The purpose of this section is to specify the conditions under which an implementation is allowed to perform certain actions either earlier or later than specified by other rules of the language.
In general, when the language rules specify an order for certain actions (the canonical order), an implementation may only use an alternative order if it can guarantee that the effect of the program is not changed by the reordering. In particular, no exception should arise for the execution of the reordered program if none arises for the execution of the program in the canonical order. When, on the other hand, the order of certain actions is not defined by the language, any order can be used by the implementation. (For example, the arguments of a predefined operator can be evaluated in any order since the rules given in section 4.5 do not require a specific order of evaluation.)
Additional freedom is left to an implementation for reordering actions involving predefined operations that are either predefined operators or basic operations other than assignments. This freedom is left, as defined below, even in the case where the execution of these predefined operations may propagate a (predefined) exception:
A preedefined operation need not be invoked at all, if its only possible effect is to propagate a predefined exception. Similarly, a predefined operation need not be invoked if the removal of subsequent operations by the above rule renders this invocation ineffective.
Rule (b) applies to predefined operators but not to the short-circuit control forms.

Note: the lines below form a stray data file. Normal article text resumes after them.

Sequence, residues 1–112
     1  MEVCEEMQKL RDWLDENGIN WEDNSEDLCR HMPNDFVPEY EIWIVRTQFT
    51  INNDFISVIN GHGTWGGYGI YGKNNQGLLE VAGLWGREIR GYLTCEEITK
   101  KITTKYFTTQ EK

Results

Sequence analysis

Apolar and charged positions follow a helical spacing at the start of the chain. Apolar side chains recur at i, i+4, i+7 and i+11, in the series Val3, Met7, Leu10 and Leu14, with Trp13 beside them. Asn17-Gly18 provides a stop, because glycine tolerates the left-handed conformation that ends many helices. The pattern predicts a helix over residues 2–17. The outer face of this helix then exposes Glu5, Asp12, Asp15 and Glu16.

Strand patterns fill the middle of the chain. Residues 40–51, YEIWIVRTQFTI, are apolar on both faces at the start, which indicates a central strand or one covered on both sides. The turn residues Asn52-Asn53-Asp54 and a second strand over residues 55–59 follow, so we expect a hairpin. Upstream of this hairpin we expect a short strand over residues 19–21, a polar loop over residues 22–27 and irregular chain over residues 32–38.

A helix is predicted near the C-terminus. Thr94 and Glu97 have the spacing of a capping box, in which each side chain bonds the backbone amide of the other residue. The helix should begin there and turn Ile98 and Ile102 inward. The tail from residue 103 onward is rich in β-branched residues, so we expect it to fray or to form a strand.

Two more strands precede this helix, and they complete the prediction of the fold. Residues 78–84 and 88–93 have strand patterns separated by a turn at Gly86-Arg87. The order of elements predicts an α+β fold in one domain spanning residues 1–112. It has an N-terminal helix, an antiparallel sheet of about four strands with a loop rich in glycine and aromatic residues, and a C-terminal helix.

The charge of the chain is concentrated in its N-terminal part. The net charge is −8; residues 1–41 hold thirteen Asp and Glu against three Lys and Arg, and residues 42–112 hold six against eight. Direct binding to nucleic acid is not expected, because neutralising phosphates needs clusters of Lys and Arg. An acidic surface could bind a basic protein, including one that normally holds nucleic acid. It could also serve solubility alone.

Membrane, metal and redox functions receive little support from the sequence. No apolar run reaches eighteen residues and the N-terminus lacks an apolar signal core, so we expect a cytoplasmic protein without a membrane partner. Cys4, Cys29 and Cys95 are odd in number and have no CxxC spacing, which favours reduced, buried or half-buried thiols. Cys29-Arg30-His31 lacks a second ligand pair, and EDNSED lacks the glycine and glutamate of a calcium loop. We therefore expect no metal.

The expression SPEED < 300_000.0 can be replaced by TRUE if the value 300_000.0 lies outside the base type of SPEED, even though the implicit conversion of the numeric literal would raise the exception NUMERIC_ERROR.
declare N : INTEGER; begin N := 0; -- (1) for J in 1 .. 10 loop N := N + J**A(K); -- A and K are global variables end loop; PUT(N); exception when others => PUT("Some error arose"); PUT(N); end;
The evaluation of A(K) may be performed before the loop, and possibly immediately before the assignment statement (1) even if this evaluation can raise an exception. Consequently, within the exception handler, the value of N is either the undefined initial value or a value later assigned. On the other hand, the evaluation of A(K) cannot be moved before begin since an exception would then be handled by a different handler. For this reason, the initialization of N in the declaration itself would exclude the possibility of having an undefined initial value of N in the handler.
References: accept statement, accuracy of real operations, assignment, base type, basic operation, conversion, error situation, exception, exception handler, frame, numeric_error exception, predefined operator, predefined subprogram, propagation of an exception, real type, undefined value.